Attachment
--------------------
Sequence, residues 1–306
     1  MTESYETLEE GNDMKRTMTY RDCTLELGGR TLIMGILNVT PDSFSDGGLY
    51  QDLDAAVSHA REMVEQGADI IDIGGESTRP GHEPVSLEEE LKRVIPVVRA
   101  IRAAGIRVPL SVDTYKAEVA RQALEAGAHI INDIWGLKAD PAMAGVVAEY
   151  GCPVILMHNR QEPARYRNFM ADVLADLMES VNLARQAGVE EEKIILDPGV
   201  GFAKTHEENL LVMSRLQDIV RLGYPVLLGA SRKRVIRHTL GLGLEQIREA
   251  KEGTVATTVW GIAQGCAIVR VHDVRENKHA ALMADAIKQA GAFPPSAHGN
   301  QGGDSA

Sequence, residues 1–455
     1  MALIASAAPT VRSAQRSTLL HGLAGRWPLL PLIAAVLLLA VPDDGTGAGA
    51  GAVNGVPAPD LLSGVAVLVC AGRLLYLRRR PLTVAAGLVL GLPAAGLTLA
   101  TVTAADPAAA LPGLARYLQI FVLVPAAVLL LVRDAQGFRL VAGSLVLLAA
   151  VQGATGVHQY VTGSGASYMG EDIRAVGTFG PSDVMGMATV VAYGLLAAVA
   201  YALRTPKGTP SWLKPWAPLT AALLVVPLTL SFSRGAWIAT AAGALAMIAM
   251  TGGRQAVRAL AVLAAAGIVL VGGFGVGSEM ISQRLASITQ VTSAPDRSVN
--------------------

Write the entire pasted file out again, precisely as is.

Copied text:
Sequence, residues 1–306
     1  MTESYETLEE GNDMKRTMTY RDCTLELGGR TLIMGILNVT PDSFSDGGLY
    51  QDLDAAVSHA REMVEQGADI IDIGGESTRP GHEPVSLEEE LKRVIPVVRA
   101  IRAAGIRVPL SVDTYKAEVA RQALEAGAHI INDIWGLKAD PAMAGVVAEY
   151  GCPVILMHNR QEPARYRNFM ADVLADLMES VNLARQAGVE EEKIILDPGV
   201  GFAKTHEENL LVMSRLQDIV RLGYPVLLGA SRKRVIRHTL GLGLEQIREA
   251  KEGTVATTVW GIAQGCAIVR VHDVRENKHA ALMADAIKQA GAFPPSAHGN
   301  QGGDSA

Sequence, residues 1–455
     1  MALIASAAPT VRSAQRSTLL HGLAGRWPLL PLIAAVLLLA VPDDGTGAGA
    51  GAVNGVPAPD LLSGVAVLVC AGRLLYLRRR PLTVAAGLVL GLPAAGLTLA
   101  TVTAADPAAA LPGLARYLQI FVLVPAAVLL LVRDAQGFRL VAGSLVLLAA
   151  VQGATGVHQY VTGSGASYMG EDIRAVGTFG PSDVMGMATV VAYGLLAAVA
   201  YALRTPKGTP SWLKPWAPLT AALLVVPLTL SFSRGAWIAT AAGALAMIAM
   251  TGGRQAVRAL AVLAAAGIVL VGGFGVGSEM ISQRLASITQ VTSAPDRSVN